I have collected my prints from Chromatech in Oxford, the ‘Squashed Sea-Side Toys’ for the Jam Factory exhibition, ‘Oxford’s Sea-View’ and several others for stock for the next few shows.


I went to Bristol to deliver some work for the selection committee of a large show there and on my return played golf at Broome manor on what was a glorious March day, sun in the sky and chill in the air. Tuesday was also golf at Carswell, but I need these days to get my exercise (that’s my excuse). It is strange how casual meetings end up with potentially exciting outcomes, one reason why we should always be nice to strangers wherever we meet them. A teaching opportunity at Milton Trading Park has arisen from a visit last year to my studio in May, followed by that person seeing my work again in November and eventually, after receiving a bag of cracker toys, a purchase of a small landscape. In conversation we spoke about teaching and would I want to run a lunch time workshop for those interested in drawing etc. Who knows where this could lead but from small acorns etc…It is a good way to get known and publicise oneself, and that I believe is the hardest thing for artists to do.

The rest of the week has been tidying up, sorting out pencils/paints into order (there is a bit of OCD in all of us) and failing to create a successful mono print/collage. Both collage and mono print worked well, but not together. However, this experiment has inspired me to do more landscape mono prints this week.I did not succeed in getting into the RA summer show in London, but my mate Ken from Steventon has gone through to the next round; Art can be like a reality show at times.

Drawing to a conclusion.

I have taken the completed ‘Squashed Christmas Wrapping Paper’ to Chromatech in Oxford for digital printing, ready for up-coming exhibitions and of course at a later date to become Christmas wrapping paper and coasters. Am I selling my artistic sole? Either way it was a long drawing, taking 90 hours in total, unlike my first squashed drawing of this year, Squashed Seaside Toys which only took about 45 hours. The progress of the former was interrupted by the latter due to having to meet an exhibition dead line plus teaching in a primary art club and mural painting in an adult learning centre. Work has been very varied and busy the last week, with the first exhibition of the year, sending off submissions and getting accepted work framed and mounted. I am worried that my last order to the Ready Made Picture Framing Company will not arrive in time for an exhibition submission dead line of 13th March. I have to travel to Bristol on that date with the work but I have been told it will be tight. I am in the hands of someone else who does not have my concerns, ambitions or anxieties.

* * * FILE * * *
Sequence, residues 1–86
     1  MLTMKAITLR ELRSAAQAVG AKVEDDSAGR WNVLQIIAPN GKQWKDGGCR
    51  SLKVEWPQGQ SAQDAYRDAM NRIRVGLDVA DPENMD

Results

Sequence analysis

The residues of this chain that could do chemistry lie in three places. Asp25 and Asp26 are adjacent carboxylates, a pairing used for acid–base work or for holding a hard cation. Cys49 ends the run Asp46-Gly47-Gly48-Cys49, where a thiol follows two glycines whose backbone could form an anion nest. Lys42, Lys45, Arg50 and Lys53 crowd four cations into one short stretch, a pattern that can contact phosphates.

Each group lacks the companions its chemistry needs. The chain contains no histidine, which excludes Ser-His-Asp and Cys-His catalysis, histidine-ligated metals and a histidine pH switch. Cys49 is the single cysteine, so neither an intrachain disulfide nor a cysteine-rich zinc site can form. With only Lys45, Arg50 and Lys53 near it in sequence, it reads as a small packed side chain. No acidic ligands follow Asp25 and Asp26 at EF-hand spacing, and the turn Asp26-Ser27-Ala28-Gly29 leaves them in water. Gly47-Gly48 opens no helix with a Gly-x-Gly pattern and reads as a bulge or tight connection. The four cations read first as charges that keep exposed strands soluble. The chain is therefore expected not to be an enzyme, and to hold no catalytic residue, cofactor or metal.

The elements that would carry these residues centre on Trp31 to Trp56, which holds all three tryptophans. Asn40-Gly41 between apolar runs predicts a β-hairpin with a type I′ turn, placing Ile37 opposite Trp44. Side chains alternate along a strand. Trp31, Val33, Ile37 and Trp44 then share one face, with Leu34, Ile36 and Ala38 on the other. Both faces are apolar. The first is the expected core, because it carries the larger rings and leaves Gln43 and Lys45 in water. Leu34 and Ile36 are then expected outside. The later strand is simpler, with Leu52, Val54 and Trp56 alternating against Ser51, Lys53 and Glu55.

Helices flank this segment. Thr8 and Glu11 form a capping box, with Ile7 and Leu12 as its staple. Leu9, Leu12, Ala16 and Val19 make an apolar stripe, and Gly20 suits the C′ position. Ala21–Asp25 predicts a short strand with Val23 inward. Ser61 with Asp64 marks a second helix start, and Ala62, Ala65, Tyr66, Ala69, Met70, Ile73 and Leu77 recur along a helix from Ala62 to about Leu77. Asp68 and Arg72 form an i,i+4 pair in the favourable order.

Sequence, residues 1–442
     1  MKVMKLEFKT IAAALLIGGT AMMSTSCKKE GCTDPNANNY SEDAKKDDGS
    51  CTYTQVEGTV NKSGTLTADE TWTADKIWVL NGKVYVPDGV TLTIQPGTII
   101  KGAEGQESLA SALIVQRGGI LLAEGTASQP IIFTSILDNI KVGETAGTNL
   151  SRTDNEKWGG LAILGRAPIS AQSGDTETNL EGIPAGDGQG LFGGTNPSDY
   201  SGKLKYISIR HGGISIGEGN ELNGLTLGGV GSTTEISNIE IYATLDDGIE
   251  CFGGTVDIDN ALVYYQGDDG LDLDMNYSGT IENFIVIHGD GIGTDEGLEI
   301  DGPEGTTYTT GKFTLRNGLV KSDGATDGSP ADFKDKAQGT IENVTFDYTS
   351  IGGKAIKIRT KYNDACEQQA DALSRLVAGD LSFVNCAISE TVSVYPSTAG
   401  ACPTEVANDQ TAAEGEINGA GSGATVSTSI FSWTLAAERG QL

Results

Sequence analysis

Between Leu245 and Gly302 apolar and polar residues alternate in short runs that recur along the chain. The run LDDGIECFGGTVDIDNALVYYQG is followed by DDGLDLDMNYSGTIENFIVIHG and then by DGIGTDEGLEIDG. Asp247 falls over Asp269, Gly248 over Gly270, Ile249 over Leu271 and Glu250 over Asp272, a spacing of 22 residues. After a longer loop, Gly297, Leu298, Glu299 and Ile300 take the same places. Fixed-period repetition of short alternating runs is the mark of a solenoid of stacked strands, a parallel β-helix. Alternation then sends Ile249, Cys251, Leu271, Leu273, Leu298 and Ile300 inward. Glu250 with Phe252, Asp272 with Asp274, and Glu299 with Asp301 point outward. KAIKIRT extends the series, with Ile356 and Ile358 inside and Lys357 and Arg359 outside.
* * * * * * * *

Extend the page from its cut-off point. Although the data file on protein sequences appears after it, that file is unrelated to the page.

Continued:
I  kept a record of the progress which I post here, from collecting the paper to signing the work, twice. (Can you see it?)

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With all this completed I got an enquiry into doing another art club in another primary school and a lunchtime art club on an industrial estate, so the work keeps coming in. I can now work on some landscapes for some other exhibitions where I show this side of my interests. I also want to undertake some mono prints which I have prepared, but I have started painting my Action Man painting in oils. I have decided to make this a triptych with paintings at the top and bottom and a large on in the centre, it will be in the portrait format.